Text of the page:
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Exploring the value of Kelly Criterion to bettors

The Kelly Criterion enables bettors to determine how much to invest in a specific asset to maximize wealth growth for the long term.

Published on 24 May 2022

A smart bettor tries to explore ways to plot his strategy that works to win to ensure longevity and durability to an enjoyable sports betting career. But carrying a winning streak comes with a bigger payroll, and punters should implement wise betting decisions to protect their bankroll before wagering on that specific bet.

Among the strategies used by most sharp bettors would be the Kelly Criterion, which enables them to determine how much to invest in a specific asset to maximize wealth growth for the long term.

Developed by Bell Labs scientist John Kelly Jr during the 1950s, this mathematical formula points out a value on the odds board, as well as provides a guide as to how many units a bettor should wager on a particular bet.

A bettor’s funds can grow exponentially through the Kelly Criterion, which calculates the proportion of your funds to place money on an outcome whose odds are higher than expected.


Before going further, a bettor has to ask himself: “How much will I bet on this outcome (On a sports event)? This question should go hand-in-hand with the five “Ws” in betting:

* Who to bet on?

* What to bet on?

* When to bet on?

* Where to bet on?

* Why to bet on?

Basically, the Kelly Criterion formula breaks down as follows:


B = Decimal Odds

P = Probability of success

Q = Probability of failure

Let’s use a coin as example for something to bet on, the coin landing on heads at 2.00. But the coin is biased and instead has a 52% chance of ending up on heads.

P= 5.52

Q= 1-0.52 = 0.48

B= 2-1= 1

The result is determined through: (0.52X1-0.48)/1 = 0.04

This means the bettor should only bet 4% based on the Kelly Criterion. A positive percentage hints that you might have the edge in favor of your bankroll, so your funds will grow. The criterion can also be used as a test for different values in the online sheet by using the code below:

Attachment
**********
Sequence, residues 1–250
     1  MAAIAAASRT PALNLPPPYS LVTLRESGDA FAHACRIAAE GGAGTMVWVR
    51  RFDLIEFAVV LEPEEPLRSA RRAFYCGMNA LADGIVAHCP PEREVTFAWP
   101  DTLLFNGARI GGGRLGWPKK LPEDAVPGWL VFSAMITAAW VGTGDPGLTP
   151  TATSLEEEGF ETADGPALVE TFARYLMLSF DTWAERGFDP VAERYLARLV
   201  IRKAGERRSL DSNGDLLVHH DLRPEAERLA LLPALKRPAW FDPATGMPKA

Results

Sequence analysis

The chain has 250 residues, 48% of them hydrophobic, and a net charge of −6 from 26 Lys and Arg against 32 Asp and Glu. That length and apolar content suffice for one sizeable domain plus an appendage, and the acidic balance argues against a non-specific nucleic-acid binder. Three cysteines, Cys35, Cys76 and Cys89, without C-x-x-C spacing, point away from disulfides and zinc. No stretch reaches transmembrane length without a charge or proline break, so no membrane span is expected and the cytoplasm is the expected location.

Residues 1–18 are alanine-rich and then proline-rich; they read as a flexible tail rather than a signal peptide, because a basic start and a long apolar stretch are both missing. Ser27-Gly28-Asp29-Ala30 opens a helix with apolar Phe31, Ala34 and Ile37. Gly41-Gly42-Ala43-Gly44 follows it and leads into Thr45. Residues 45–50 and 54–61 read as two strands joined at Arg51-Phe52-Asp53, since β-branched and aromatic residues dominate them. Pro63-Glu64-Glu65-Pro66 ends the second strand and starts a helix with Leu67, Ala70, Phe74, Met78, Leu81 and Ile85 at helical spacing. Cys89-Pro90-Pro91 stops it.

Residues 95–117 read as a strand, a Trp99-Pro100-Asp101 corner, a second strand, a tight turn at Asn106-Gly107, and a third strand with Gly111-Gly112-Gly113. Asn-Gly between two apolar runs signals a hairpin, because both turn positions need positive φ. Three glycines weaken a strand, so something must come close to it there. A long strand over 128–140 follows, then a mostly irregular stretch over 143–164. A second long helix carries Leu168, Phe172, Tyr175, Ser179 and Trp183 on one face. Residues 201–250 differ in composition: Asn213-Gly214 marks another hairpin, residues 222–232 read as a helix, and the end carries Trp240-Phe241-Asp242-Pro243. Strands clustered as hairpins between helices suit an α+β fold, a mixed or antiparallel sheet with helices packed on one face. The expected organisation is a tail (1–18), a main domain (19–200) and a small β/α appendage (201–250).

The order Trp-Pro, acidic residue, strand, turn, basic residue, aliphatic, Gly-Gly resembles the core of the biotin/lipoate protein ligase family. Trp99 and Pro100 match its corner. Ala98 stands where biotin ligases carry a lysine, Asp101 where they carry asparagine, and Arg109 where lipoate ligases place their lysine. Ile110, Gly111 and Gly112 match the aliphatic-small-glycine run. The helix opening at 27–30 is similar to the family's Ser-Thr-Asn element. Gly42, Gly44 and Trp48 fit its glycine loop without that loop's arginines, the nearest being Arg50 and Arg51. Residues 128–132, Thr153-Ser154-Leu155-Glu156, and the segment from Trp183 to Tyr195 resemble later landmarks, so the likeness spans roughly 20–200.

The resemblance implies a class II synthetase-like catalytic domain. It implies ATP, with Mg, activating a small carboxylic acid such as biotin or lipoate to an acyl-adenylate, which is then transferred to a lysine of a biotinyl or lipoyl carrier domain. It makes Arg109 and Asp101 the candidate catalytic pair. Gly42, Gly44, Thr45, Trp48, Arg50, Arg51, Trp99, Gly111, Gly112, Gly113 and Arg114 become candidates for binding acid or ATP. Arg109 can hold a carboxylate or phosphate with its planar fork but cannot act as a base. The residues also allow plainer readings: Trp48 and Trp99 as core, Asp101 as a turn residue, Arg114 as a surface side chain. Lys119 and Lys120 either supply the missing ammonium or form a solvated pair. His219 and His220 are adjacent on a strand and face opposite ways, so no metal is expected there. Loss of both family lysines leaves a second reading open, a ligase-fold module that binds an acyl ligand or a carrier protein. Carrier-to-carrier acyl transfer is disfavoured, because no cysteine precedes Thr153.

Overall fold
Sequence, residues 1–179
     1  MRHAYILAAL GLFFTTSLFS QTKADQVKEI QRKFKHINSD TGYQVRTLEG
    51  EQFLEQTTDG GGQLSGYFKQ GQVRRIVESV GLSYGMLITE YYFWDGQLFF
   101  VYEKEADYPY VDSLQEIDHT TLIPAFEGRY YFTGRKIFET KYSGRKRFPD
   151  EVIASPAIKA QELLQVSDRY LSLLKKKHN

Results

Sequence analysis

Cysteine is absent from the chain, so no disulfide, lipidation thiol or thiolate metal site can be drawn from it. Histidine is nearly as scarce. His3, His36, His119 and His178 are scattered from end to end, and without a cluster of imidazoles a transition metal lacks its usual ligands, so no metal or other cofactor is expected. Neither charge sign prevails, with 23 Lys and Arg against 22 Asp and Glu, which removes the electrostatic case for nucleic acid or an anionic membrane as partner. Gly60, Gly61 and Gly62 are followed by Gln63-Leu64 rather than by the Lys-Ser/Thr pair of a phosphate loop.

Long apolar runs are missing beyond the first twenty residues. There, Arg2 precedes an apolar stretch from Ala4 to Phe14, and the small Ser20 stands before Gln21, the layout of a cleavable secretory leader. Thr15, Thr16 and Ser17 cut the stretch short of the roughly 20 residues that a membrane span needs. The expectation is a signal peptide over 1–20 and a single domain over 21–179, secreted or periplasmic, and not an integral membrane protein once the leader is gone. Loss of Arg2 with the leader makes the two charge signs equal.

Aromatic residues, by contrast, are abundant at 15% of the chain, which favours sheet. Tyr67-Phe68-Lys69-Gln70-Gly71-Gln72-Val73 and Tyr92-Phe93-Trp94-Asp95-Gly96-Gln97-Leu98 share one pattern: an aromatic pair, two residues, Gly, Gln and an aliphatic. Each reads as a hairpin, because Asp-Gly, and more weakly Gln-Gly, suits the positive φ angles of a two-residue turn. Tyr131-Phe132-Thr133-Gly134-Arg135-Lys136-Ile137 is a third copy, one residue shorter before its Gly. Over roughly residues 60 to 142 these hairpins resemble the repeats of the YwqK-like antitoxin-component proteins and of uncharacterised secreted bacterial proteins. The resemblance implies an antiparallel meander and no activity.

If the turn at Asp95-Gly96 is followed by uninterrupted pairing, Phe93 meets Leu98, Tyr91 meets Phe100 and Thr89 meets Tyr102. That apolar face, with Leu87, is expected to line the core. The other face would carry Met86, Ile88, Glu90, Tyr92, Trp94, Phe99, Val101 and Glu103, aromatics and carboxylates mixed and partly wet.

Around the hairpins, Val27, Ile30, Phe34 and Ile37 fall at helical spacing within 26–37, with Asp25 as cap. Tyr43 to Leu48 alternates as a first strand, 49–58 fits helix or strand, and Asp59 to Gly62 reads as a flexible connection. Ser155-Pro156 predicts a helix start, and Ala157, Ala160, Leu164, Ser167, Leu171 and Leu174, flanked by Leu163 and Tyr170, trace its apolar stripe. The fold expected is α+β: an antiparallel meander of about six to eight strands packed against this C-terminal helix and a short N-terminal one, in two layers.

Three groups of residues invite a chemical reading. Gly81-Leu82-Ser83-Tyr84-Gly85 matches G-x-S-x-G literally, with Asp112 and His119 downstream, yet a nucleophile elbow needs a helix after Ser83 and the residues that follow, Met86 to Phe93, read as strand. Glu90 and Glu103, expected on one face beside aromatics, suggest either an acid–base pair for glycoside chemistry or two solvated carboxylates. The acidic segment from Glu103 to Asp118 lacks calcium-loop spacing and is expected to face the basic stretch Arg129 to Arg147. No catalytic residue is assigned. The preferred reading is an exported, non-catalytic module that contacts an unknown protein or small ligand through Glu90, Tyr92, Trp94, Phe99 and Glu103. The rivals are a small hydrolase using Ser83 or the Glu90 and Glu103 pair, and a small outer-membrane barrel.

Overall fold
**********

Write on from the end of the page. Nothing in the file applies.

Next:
Decimal odds             :  2.000

Probability of success:       50

Percentage of own stake:    0

A negative percentage means the bettor should not wager on this outcome.


The size of a bettor’s bankroll serves as a basis for determining the viability of using the Kelly Criterion. An important advantage provided by this formula is that the criterion uses the application of the theoretical value of wagers, something other staking plans could not.

The criterion enables punters to get the right balance between increasing their bankroll and protecting it. Staking more when the theoretical value is high and staking less when the theoretical value is low should make the most of profits in the long run while it cuts the chance of going bust.

Bettors are also assured that placing of wagers is prevented where positive expected value does not exist through the criterion. Take note that the formula will return a negative once there’s no positive expected value, which serves as a warning to avoid such wagers.


A purpose can only be reflected by bettors using the Kelly Criterion when you will be able to accurately work out the probabilities of any proposed wagers. Getting confused on these probabilities will result in a bettor placing his money on the wrong amounts, leading to either losing your bankroll quickly or your potential growth in betting is hindered.

The criterion can also be overly aggressive, which is one of the few disadvantages of the strategy. Staking an amount equal to 10% on a bettor’s bankroll can be a very high percentage to risk under any circumstances.

If the option is to commit more than 5% of your bankroll to a single wager, many bettors may never go above 2%.

Punters should remember that no matter how much they adjust the formula, it won’t still be able to tell them what selections they should make on their betting slips.

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